Causes of violence lie not only with blacks

January 11, 1994|By WILEY A. HALL

My buddy and colleague, Courtland Milloy, says he expected to catch a lot of flak in the black community for his column Sunday in the Washington Post, and by golly, he is right! In fact, Courtland, my man, allow me also to hurl some flak your way.

You are wrong, buddy. Incorrect. In error. Barking up the wrong tree. False. Counter-factual. Out in left field. Next time, kid, give me a call and I'll spring for a cup of coffee and try to set you straight.

Mr. Milloy, like myself, attended last week's summit conference on crime and violence in Washington, D.C. Dubbed the National Black Leadership Search Session on Violence, the three-day colloquium was jointly sponsored by Jesse Jackson's National Rainbow Coalition and the Congressional Black Caucus. Its purpose was to discussthe problem of black violence and try to focus national attention on the issue.

I left the conference disappointed by what I had seen and heard: The conference work sessions offered nothing more substantial than the same old people making the same old speeches. If speeches could stop bullets, every man, woman and child in the black community would be invulnerable.

But Mr. Milloy left the conference thoroughly disgusted. In his Sunday column, he argued that it is time black Americans acknowledged that we -- not racism, not the legacy of slavery -- are responsible for our degraded condition.

Wrote my friend, "This weekend in Washington, our most articulate black leaders spent most of their time searching for ways not to use the words, 'personal responsibility.' "

"Fear of appearing to blame the victim or air dirty laundry or let whitey off the hook prevents blacks from speaking honestly to and about each other," continued Mr. Milloy. "But the facts are these: Self-destructive behavior requires holding the victim accountable; stinky laundry needs fresh air; and white people are not on the hook. We are."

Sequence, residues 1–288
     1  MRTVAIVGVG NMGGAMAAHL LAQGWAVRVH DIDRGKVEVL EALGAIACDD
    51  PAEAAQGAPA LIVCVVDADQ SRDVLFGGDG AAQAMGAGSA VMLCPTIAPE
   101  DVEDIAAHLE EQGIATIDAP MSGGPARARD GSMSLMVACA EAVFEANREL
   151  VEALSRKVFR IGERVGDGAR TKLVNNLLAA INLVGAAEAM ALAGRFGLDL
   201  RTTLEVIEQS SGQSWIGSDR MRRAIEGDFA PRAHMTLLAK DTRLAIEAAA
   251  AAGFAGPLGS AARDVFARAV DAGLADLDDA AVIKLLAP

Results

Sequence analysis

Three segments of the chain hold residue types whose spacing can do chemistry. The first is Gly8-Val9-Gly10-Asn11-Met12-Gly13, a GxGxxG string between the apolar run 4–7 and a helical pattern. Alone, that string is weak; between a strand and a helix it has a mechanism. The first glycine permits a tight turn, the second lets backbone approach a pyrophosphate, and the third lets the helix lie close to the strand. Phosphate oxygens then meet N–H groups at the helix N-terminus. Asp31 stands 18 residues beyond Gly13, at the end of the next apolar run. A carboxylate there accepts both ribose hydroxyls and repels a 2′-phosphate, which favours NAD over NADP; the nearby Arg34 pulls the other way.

And he concludes, "We are guilty of selfishness and self-hate, of being afraid of white people while dying to be just like them. Only a divine pardon can save our sorry souls."

Speak for your own soul, Mr. Milloy, not mine, thank you. The fact is, the black community in which I was born and raised has always been very harsh in its judgment of what my mother calls "no-good, sorry people" who refuse to do for themselves, people who abuse alcohol and drugs, who do not respect the property of others.

The elders in my community have always instilled in us the value that we had to work twice as hard and be twice as good as anyone else, particularly whites. In fact, black America today in many ways is wealthier, stronger and better educated than ever before in American history, and largely because of self-help.

But most people in the black community also understand that society still has a responsibility to be fair; to reinforce, rather than undercut the values black parents try to instill in their children; to build up neighborhoods rather than tear them down.

At the conference on violence last week, black leaders noted that the major, white-owned financial institutions in most communities remain reluctant to reinvest in black communities despite the billions of black dollars invested in those institutions. Commercial concerns that take black consumer dollars remain reluctant to hire and promote black employees. The local, state and federal governments continue to maintain disparate levels of service despite the billions of black tax dollars they collect.

And when black people do exercise their considerable economic, political and social clout to push society toward change, they are accused of whining, and of begging for hand-outs. No wonder a proportion of our young feel that they belong to an impotent, despicable community. No wonder they hate themselves, hate their leaders, feel contempt for their institutions.

The leaders talked about this in Washington last week. They talked until many of us got sick of hearing them speak.

But hey! They were right. And since society does not seem to hear, perhaps the real problem with black Americans is that we blame ourselves too much. Perhaps our failure, Mr. Milloy, lies in not keeping "whitey" on the hook of accountability, where he belongs.

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